PhD in Economics, 2016 - 2023 (expected) – University of British Columbia (Canada)
MA in Economics, 2016 – Universidad Torcuato Di Tella (Argentina)
BA in Economics, 2012 – Universidad Nacional de Tucuman (Argentina)
I am a Macroeconomist with research interests in Monetary Economics and International Finance. My research focuses on the interaction between fiscal and monetary policy during recessions. I am also conducting research on fiscal policy in the context of currency unions, and on the maturity structure of debt during self-fulfilling debt crises.
My job market paper studies the interaction between one type of unconventional monetary policy (forward guidance) and fiscal stabilization policy during recessions that feature liquidity traps. The paper explores how fiscal stabilization policy can erode the ability of a central bank to conduct credible forward guidance, and analyzes whether these two policies can complement (or substitute) each other during a recession.
I will be available for interviews during the 2022 – 2023 academic year. I expect to graduate in 2023.
Job Market Paper
This paper presents a discretionary central bank that implements reputation-based forward guidance within a standard New Keynesian economy subject to repeated liquidity trap episodes featuring recessions. Previous studies show that forward guidance policies can be made credible using reputation. In this model I incorporate a treasury that conducts fiscal stabilization policy, and I explore how this policy impacts on the credibility of reputation-based forward guidance. I numerically show that the central bank has a range of credible forward guidance policies that it can implement even when the treasury uses fiscal policy to mitigate recessions. I also find that an increase in the effectiveness of fiscal stabilization policy reduces the range of credible forward guidance announcements that the central bank can implement. Finally, I explore how fiscal policy responds when forward guidance is in place, and I find that forward guidance can crowd out fiscal effort and result in a loose monetary-tight fiscal policy mix during recessions.
[go to paper]
This paper investigates the role of debt maturity within a model of self-fulfilling debt crises. Using one-period bonds, we characterize an interval of debt levels where creditors' panic can force a government to default. We numerically show that the government optimally lowers debt to reduce its vulnerability to this type of crises. We then switch to a model with long-term debt repayable with an infinite stream of coupons. In this environment, we show that the equilibrium price of debt differs from the short-term debt scenario. Furthermore, we prove that the bounds of the interval where crisis are self-fulfilling shift upward with higher debt maturity. Finally, we numerically show that the government decreases debt levels faster in the presence of long-term debt, therefore rising the economy's welfare compared to the short-term debt case.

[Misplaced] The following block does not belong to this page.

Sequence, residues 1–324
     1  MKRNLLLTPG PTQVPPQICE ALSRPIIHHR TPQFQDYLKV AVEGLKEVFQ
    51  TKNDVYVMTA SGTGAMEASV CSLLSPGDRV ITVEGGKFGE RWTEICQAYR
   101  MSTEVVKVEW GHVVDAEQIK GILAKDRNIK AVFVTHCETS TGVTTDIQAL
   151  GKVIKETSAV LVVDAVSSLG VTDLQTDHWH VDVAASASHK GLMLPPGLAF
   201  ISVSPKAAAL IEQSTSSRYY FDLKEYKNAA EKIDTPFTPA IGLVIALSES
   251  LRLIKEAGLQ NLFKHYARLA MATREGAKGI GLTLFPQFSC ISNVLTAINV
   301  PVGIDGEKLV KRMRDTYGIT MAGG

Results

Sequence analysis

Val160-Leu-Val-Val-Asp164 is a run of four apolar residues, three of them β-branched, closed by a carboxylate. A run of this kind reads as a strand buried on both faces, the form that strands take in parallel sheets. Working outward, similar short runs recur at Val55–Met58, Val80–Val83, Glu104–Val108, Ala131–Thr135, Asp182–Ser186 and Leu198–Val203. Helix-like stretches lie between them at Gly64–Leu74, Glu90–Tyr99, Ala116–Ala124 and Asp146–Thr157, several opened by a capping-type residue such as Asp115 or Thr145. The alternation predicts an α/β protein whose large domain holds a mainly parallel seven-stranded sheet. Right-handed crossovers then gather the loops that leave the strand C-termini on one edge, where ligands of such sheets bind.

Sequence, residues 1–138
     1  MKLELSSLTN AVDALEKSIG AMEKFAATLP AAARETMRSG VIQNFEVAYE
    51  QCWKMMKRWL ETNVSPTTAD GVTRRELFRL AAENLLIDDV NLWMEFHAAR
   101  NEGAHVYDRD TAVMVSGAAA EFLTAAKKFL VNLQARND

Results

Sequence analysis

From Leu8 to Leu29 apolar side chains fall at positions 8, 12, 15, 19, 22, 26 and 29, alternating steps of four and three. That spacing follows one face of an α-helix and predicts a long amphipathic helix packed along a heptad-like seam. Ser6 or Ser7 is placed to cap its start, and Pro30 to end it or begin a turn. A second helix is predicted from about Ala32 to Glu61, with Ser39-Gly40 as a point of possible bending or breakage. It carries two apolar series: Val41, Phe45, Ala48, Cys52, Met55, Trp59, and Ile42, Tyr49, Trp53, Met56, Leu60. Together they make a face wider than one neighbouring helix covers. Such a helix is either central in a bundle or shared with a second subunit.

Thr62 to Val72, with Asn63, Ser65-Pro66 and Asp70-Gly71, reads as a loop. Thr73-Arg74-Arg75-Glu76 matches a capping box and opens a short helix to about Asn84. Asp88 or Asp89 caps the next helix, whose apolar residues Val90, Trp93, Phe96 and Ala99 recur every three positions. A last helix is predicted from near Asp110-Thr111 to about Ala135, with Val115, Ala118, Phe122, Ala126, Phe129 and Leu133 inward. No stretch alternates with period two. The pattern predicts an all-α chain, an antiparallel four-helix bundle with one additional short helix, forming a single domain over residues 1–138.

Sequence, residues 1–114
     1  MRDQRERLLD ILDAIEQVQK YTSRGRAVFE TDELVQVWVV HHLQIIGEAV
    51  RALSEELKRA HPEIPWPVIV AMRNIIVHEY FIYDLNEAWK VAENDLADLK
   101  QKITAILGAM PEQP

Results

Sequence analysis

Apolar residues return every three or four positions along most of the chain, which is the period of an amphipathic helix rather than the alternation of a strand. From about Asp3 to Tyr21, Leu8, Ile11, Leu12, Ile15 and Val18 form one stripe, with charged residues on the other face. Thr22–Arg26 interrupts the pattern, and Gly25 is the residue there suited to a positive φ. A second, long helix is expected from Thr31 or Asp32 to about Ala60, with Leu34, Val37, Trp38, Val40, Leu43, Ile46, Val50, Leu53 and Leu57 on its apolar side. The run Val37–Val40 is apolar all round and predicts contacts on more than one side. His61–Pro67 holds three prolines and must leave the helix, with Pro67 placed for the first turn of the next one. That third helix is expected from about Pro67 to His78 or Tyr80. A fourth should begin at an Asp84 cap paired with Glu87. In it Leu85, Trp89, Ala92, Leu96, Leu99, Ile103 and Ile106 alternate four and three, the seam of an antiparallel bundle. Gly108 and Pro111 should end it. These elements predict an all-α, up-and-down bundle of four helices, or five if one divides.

[go to paper]
Work In Progress
Fiscal devaluations are a type of tax reform that has been identified as a candidate stabilization tool in countries that cannot unilaterally resort to nominal devaluations – e.g., in the context of a currency union. Specifically, theoretical work has shown equivalence conditions under which fiscal devaluations replicate the real allocations of nominal exchange rate devaluations obtained with monetary policy. However, the equivalence between nominal and fiscal devaluations depends on the critical assumption that fiscal changes occur at the business cycle frequency. This paper relaxes this assumption to capture the possibility that it takes a long time to change fiscal policy (relative to monetary policy), which is in line with the macro literature that documents the existence of lags in the implementation of tax changes. This paper analytically studies the impact that implementation lags in fiscal policy can have in the equivalence result between nominal and fiscal devaluations. Specifically, the paper analyzes how the menu of taxes from a fiscal devaluation responds to lags in fiscal policy.
- President’s Academic Excellence Initiative PhD Award, University of British Columbia: 2020 – 2022
- International Tuition Award, University of British Columbia: 2016 – 2021
- Graduate Support Initiative Fellowship, University of British Columbia: 2016
Teaching Assistant at the University of British Columbia
- ECON 455 – International Trade (Undergraduate): 2018, 2019, 2020
- ECON 356 – Introduction to International Finance (Undergraduate): 2017, 2019, 2020, 2021
- ECON 355 – Introduction to International Trade (Undergraduate): 2016, 2017, 2018
Teaching Assistant at Universidad Torcuato Di Tella
- Microeconomics I (Undergraduate): 2016
- Mathematics I (Undergraduate): 2013
Teaching Assistant at Universidad Nacional de Tucuman
- Intermediate Microeconomics (Undergraduate): 2011
- Economic History (Undergraduate): 2009, 2010